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H.L. Mencken (1880–1956). The American Language. 1921.

Page 34

use words as we sometimes are in England.” Moreover, this strong revolt against conventional bonds is by no means confined to the folk-speech, nor even to the loose conversational English of the upper classes; it also gets into more studied discourse, both spoken and written. I glance through the speeches of Dr. Woodrow Wilson, surely a conscientious purist and Anglomaniac if we have ever had one, and find, in a few moments, half a dozen locutions that an Englishman in like position would never dream of using, among them we must get a move on, 63 hog as a verb, 64gum-shoe as an adjective with verbal overtones, 65onery in place of ordinary, 66 and that is going some. 67 I turn to Dr. John Dewey, surely a most respectable pedagogue, and find him using dope for opium. 68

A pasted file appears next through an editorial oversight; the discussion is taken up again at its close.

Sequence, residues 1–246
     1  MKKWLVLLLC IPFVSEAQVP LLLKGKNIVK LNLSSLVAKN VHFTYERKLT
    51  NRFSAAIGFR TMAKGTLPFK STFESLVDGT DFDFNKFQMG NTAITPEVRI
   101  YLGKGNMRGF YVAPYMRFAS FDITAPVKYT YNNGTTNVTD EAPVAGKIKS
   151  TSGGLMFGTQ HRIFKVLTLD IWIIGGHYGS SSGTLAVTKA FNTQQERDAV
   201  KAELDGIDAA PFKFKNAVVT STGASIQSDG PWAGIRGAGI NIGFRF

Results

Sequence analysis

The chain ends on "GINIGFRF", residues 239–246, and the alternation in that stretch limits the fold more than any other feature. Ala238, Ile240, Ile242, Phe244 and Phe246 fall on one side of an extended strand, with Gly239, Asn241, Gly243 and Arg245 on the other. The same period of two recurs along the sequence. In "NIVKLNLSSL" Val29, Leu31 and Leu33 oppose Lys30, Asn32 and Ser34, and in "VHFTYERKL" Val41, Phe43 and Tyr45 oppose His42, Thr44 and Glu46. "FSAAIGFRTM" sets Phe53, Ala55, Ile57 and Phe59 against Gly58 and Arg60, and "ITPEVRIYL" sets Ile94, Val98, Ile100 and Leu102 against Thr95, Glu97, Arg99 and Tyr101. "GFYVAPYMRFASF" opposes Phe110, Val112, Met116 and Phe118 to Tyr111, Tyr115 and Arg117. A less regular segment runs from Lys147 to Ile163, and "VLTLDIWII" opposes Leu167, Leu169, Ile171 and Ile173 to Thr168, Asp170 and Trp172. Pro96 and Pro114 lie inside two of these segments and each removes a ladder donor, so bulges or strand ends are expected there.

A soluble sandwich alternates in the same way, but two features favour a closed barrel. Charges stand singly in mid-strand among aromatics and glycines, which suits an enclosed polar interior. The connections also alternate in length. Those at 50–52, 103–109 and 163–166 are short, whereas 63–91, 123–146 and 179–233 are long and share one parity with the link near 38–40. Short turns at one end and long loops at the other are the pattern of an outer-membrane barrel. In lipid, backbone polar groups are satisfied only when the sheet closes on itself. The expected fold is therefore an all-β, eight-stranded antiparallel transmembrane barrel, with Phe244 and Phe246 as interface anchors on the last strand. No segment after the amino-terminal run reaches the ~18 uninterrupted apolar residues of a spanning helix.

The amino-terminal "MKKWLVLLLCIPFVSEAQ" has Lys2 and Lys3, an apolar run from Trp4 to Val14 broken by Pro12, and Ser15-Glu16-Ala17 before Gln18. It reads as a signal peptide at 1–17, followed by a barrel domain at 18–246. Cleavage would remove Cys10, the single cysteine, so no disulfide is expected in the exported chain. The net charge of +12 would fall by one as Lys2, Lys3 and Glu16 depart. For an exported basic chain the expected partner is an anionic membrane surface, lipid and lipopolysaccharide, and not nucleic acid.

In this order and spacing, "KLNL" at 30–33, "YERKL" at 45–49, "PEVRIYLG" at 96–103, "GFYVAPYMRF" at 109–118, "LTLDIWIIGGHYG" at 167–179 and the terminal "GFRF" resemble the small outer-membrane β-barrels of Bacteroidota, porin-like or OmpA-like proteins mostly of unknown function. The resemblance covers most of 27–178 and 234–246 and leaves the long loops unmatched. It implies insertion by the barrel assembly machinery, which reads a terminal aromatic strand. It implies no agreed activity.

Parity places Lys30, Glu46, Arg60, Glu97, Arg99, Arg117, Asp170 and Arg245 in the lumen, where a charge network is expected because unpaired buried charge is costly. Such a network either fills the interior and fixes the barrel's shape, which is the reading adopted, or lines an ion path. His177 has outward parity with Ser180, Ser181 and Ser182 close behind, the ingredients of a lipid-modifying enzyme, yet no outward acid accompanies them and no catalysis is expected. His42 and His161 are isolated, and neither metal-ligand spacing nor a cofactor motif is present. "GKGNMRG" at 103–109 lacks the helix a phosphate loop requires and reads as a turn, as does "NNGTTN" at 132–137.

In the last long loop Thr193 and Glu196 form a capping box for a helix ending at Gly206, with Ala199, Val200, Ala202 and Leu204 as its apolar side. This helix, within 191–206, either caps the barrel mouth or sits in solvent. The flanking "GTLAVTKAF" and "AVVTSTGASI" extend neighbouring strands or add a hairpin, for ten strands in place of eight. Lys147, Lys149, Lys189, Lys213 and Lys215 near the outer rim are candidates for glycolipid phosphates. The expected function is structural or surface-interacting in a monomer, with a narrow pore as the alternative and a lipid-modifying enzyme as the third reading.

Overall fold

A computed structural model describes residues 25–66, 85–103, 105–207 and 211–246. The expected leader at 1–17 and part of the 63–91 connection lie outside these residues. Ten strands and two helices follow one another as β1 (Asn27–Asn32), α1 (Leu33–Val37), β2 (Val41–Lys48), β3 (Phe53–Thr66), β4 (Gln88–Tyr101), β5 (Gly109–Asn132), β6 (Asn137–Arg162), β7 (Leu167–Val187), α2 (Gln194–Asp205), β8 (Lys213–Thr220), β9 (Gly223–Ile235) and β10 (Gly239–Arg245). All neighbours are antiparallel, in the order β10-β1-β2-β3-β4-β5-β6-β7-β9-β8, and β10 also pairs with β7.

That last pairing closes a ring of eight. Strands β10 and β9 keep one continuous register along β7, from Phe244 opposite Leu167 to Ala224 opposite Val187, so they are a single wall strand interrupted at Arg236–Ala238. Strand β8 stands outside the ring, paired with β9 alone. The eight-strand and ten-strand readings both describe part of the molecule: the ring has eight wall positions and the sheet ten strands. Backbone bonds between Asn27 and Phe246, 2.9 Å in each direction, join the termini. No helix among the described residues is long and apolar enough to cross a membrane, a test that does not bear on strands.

From the earliest days, indeed, English critics have found this gipsy tendency in our most careful writing. They denounced it in Marshall, Cooper, Mark Twain, Poe, Lossing, Lowell and Holmes, and even in Hawthorne and Thoreau; and it was no less academic a work than W. C. Brownell’s “French Traits” which brought forth, in a London literary journal, the dictum that “the language most depressing to the cultured Englishman is the language of the cultured American.” Even “educated American English,” agrees the chief of modern English grammarians, “is now almost entirely independent of British influence, and differs from it considerably, though as yet not enough to make the two dialects—American English and British English—mutually unintelligible.”  69 Surely no English of position equal to Dr. Wilson’s or Dr. Dewey’s would venture upon such locutions as dope and to hog. One might conceivably think of George Saintsbury doing it—but Saintsbury is a privileged iconoclast.